4. Oh my heart. Thanks for sharing this.

  5. This is just...just IT! I love this. I love that Morgan could be so open with his brother! And you know, I think my son would agree with him on many, many points. I teared up a bit reading this, because it was really like hearing some of my son's own thoughts. Thank you, thank you, thank you, for sharing. I plan on sharing it, too. Because, well, it's just too awesome not to share.

  6. I apologize if this comes through again. But THIS. THIS is amazing. Thank you for sharing this with us..and thank you to Morgan who felt comfortable enough with his brother to share it!! My son would agree with Morgan on many points. I teared up a bit, because, well, this is like hearing some of my son's thoughts...truly. Thank you!! I'm sharing this because it is too awesome not to share.

  7. My comment didn't post. Thank you Morgan. And thank you Jessi for sharing this. I am so impressed w your memory and details. I can't remember a damn thing. This is a beautiful conversation and so cool that you caught it.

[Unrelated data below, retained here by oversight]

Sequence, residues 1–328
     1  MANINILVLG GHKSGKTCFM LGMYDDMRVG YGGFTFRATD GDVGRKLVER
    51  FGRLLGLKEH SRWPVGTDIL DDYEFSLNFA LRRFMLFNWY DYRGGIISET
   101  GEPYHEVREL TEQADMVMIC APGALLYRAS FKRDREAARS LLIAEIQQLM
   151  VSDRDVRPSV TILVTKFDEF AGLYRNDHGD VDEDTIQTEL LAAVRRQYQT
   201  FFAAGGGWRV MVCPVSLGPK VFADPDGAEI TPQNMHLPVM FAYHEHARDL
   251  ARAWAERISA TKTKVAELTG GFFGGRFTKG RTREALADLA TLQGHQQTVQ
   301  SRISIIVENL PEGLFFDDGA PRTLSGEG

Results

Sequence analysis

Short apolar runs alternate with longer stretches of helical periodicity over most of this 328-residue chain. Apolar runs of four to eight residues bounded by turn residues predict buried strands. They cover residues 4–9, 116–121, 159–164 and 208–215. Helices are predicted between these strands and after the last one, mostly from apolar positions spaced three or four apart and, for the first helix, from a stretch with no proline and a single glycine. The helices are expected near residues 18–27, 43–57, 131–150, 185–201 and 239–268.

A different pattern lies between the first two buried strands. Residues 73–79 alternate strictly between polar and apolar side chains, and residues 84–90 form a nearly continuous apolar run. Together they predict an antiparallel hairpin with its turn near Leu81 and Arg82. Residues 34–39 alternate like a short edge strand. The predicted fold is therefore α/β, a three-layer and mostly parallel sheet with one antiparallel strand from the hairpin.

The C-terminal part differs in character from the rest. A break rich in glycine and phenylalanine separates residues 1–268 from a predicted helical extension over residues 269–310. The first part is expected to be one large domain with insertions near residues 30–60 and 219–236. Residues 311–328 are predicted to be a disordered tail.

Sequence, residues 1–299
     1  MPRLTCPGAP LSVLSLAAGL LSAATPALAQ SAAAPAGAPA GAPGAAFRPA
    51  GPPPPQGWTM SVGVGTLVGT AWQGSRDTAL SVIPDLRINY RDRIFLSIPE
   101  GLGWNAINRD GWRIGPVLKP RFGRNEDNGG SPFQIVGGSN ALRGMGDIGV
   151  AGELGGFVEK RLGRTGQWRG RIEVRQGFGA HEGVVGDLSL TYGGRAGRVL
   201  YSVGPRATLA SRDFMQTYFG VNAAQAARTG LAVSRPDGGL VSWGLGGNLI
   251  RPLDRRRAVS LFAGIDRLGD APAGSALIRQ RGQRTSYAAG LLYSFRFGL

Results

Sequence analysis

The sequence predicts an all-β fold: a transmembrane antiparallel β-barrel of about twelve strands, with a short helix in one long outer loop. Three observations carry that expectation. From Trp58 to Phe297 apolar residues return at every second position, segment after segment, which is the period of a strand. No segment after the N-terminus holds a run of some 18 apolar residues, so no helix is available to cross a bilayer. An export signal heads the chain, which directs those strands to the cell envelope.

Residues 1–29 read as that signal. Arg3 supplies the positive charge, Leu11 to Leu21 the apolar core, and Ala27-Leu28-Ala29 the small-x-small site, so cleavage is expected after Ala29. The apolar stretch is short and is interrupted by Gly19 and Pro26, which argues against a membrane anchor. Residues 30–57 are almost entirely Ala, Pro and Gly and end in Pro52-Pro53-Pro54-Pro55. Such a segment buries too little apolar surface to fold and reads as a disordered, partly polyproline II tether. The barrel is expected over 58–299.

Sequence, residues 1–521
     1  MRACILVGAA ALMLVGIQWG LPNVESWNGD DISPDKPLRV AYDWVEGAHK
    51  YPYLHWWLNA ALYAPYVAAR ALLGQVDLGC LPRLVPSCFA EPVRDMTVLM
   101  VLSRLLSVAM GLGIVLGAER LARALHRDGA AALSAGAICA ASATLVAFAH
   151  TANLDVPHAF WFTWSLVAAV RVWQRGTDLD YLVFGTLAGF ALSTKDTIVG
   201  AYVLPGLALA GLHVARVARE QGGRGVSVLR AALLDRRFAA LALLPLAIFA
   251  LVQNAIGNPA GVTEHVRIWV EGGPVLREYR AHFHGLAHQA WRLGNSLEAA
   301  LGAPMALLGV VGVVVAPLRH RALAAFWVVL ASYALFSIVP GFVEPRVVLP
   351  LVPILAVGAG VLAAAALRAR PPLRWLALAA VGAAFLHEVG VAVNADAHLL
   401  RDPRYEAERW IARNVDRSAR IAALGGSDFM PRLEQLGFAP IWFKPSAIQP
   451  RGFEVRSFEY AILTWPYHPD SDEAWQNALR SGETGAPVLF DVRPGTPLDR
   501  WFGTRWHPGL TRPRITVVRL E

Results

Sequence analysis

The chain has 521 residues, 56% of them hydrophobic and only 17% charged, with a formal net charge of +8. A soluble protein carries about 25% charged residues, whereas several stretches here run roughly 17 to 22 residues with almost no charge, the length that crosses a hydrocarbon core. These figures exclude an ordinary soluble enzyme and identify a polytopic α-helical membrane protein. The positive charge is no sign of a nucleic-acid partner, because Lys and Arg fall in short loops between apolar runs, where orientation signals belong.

8. I love it! You must have done something right to have a young son with so much self-awareness and self-acceptance. I'll now be reading back through the rest of your blog. :)

  9. Morgan sounds like an awesome kid. I'm an autism adult, and I totally get how he says it's hard to explain what it's like to someone who doesn't experience things the way you do. I give his brother huge credit for caring enough to ask. And I'm also a huge Doctor Who fan. Tell Morgan I say Allons-y!

  10. This is just a FANTASTIC conversation! I'm an adult with autism and I know exactly how hard it is to explain yourself to people who don't experience things the way you do. Like why the smell of cooked fish makes me have to go outside until the air clears because it's stinky, or how people can stand using public bathrooms where every little noise echoes. I'm also a huge Doctor Who fan, tell Morgan I said Allons-y! He'll get it ;)

  11. Hi Jessi,
    I have just come across this in 2015! And I loved reading it. There is such low awareness about autism in my part of the world - Malaysia and Singapore - and I would love to share a link to your article on my FB page. I will tag you on it! I'm sure my family and friends would find this so enlightening and love reading this. BTW, my daughter Lauren is 12 and she has autism. Thank you for sharing.

    1. Please, feel free to share. I'm so glad you enjoyed reading it.